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resolution
in
The Count of Monte Cristo
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resolution
Used In
The Count of Monte Cristo
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unspecified meaning
  • "Before Mercedes should die," replied Fernand, with the accents of unshaken resolution, "I would die myself!"
  • It was not want of courage that prevented her putting this resolution into execution; but her religious feelings came to her aid and saved her.

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  • It was the last yearning for life contending with the resolution of despair; then his dungeon seemed less sombre, his prospects less desperate.
  • He then formed a resolution.
  • He advanced towards the angle, and summoning all his resolution, attacked the ground with the pickaxe.
  • Another, older and less strong than he, had attempted what he had not had sufficient resolution to undertake, and had failed only because of an error in calculation.
  • During these hours of profound meditation, which to him had seemed only minutes, he had formed a fearful resolution, and bound himself to its fulfilment by a solemn oath.
  • He had read in the countenances of Luigi and Teresa their steadfast resolution not to surrender him, and he drew from his pocket a purse full of gold, which he offered to them.
  • He was a fine, tall, slim young fellow of eighteen or twenty, with black eyes, and hair as dark as a raven’s wing; and his whole appearance bespoke that calmness and resolution peculiar to men accustomed from their cradle to contend with danger.
  • The invalid’s eye remained fixed, by which expression he intended to intimate that his resolution was unalterable.

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  • Nothing, sir; it is a resolution which my father has taken and I know he never alters his mind.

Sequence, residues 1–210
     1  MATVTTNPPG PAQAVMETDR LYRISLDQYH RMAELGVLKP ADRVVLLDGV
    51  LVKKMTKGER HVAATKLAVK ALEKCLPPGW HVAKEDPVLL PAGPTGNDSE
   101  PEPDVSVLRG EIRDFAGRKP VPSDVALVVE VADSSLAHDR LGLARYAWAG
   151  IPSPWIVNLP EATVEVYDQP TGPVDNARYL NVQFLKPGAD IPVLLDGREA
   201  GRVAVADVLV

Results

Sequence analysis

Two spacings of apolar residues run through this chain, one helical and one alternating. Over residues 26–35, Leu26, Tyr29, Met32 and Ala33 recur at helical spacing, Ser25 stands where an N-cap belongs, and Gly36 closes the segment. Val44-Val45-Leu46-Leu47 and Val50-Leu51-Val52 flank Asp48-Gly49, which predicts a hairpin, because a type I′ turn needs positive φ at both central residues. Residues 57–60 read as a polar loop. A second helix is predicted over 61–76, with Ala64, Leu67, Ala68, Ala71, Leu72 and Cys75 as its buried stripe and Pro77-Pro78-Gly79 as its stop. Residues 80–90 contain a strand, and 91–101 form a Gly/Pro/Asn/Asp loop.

• Has your resolution changed, Valentine?
  • How great is the power of a woman who has made so courageous a resolution!
  • He had formed his resolution.
  • When he learned my resolution, I shall never forget the reproachful look which he cast on me, and the tears of utter despair which chased each other down his lifeless cheeks.
  • You might some time ago have looked upon this resolution as a vague project, but to-day you see it was a reality, and you must submit to it under penalty of breaking your word.
  • "However"— "My resolution, sir, is unchangeable, but you have only to search for yourself and you will find, alas, but too many objects upon whom to exercise your benevolence."
  • He has shown very great courage and resolution, for he exposed his own life to stop the horses that were running away with us, and would certainly have dashed the carriage to pieces.
  • "This was our resolution; a cabriolet was in waiting at the gate, in which I intended to carry off Valentine to my sister’s house, to marry her, and to wait respectfully M. de Villefort’s pardon."
  • When such resolutions are made, Albert, they should be promptly executed.
  • Oh, do not say so; it will break my resolutions.
  • I know his character; he is inflexible in any resolutions formed for his own interests.
  • In reality, when you have once devoted your life to your enterprises, you are no longer the equal of other men, or, rather, other men are no longer your equals, and whosoever has taken this resolution, feels his strength and resources doubled.
  • I maintain my original resolution.
  • It was evident from his pale face and knit brows that his resolution to revenge himself was growing weaker.
  • All these proofs of an energetic resolution, which Albert did not fear on his own account, alarmed him for his mother.